Trinity Takes its Daughters to Work

Rittenberg Lounge in Mather Hall was alive with the sights and sounds of parents and daughters as the College hosted its fifth annual “Take Your Daughters to Work” day luncheon on Thursday, April 22. The luncheon featured remarks by Linda Martinez, neighborhood technical coordinator at the Trinfo Café, who brought her daughter, Chelsea, to work with her for the day. They were joined at the luncheon by Linda’s mother, Cecilia Martinez. During her talk, Linda reflected on her own childhood experiences accompanying her mother to her job as a nurse’s aide at St. Mary’s Home in West Hartford.
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The “Take Your Daughters to Work” initiative was organized in the early 1990s by the Ms. Foundation for Women as a way to give young girls additional direct attention and insight into the many work-world opportunities available to them. According to the foundation, its popularity quickly sparked interest from the boys who felt left out and were required to go to school for the day while the girls “got the day off.” As a result, the day has developed into a “take your son or daughter to work” day in many areas.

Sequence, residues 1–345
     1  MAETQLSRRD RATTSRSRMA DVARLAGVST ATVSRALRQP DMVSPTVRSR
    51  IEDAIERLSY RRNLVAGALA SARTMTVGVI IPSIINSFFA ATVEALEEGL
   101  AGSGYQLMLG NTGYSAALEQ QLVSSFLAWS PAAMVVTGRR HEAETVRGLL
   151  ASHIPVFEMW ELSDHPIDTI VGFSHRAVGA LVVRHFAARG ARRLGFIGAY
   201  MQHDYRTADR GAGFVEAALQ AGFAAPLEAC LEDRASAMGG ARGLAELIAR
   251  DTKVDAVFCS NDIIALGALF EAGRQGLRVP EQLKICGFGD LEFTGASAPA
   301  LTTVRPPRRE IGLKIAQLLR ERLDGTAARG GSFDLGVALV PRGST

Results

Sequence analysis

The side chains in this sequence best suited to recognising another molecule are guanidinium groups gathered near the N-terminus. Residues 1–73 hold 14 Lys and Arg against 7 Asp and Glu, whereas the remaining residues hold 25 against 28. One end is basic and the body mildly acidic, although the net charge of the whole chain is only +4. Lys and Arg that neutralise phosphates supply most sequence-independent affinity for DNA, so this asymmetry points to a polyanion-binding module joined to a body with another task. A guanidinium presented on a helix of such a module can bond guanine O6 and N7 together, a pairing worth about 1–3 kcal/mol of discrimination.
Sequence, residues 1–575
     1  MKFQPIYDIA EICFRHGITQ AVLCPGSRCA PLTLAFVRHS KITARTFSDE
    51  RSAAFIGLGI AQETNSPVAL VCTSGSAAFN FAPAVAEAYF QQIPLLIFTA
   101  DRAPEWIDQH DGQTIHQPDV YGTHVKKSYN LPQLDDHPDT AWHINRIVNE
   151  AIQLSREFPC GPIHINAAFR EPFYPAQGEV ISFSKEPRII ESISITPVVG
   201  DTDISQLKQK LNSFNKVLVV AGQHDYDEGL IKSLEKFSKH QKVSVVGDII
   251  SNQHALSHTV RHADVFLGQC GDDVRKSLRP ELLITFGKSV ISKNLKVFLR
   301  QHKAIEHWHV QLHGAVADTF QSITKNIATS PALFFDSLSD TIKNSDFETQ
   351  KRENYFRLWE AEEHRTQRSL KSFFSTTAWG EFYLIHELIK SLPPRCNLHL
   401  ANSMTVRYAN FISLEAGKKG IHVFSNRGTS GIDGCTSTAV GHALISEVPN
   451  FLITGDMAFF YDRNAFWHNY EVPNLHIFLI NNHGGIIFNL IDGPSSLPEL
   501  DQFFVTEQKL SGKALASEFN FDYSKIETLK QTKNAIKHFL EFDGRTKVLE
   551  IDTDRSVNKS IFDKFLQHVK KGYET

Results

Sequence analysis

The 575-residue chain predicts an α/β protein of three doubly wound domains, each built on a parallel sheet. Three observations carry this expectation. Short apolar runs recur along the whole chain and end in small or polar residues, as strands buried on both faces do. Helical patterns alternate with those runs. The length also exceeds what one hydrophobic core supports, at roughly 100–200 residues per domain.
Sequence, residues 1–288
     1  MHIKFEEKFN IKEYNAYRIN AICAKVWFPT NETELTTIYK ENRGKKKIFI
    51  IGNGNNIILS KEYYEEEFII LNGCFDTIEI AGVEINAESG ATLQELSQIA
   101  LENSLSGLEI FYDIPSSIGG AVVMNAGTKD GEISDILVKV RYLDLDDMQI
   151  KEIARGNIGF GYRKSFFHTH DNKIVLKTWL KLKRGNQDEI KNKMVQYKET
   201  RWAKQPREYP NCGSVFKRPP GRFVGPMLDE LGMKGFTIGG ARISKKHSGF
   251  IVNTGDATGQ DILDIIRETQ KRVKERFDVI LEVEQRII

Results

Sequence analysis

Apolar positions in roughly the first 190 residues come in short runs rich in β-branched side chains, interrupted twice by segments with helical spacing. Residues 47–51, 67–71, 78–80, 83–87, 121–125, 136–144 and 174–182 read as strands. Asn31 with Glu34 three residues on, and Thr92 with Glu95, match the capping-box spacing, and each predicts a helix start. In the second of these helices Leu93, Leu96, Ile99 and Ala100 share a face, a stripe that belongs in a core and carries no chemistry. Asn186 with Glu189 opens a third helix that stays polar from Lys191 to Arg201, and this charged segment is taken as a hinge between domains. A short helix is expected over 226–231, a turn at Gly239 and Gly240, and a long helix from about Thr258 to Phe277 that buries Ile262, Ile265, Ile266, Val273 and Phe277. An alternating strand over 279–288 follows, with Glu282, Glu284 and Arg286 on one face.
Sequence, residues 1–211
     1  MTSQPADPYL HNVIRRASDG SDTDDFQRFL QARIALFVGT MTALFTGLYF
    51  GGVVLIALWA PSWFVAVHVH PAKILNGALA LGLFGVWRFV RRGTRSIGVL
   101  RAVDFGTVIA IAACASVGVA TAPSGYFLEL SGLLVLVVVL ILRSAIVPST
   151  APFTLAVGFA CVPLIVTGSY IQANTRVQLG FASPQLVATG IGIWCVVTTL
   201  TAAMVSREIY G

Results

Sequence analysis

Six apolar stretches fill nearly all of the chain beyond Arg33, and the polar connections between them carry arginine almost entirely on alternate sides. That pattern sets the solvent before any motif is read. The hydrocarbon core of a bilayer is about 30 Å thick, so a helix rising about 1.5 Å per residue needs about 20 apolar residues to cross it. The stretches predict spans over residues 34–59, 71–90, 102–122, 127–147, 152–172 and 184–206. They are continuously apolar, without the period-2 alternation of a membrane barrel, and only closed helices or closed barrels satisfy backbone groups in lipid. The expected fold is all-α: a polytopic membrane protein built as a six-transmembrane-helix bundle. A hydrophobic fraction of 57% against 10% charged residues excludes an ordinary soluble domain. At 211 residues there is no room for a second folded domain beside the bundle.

Trinity, however, has decided to remain true to the initiative’s original intent. Laura Lockwood, director of the Women’s Center, says that the importance of maintaining a special day for girls cannot be overemphasized. “It’s getting better, but women are still greatly underrepresented in high-level positions,” she explains, “particularly in the board room and at the executive level. There is still a very real ‘glass ceiling,’ and women, as a group, are frequently the victims of discrimination. Women need to be able to compete in the work force based on their skills, integrity, and brains—and not judged on their appearance.”

Linda Martinez, who will be graduating from Trinity on May 16 with a bachelor’s degree in computer science and educational studies through the Individualized Degree Program, says that bringing Chelsea to campus is about more than having her see where her mother works. “It’s not only about the tradition of the occasion; it’s also about sharing with her the college experience. It’s about the importance of education and setting goals.”

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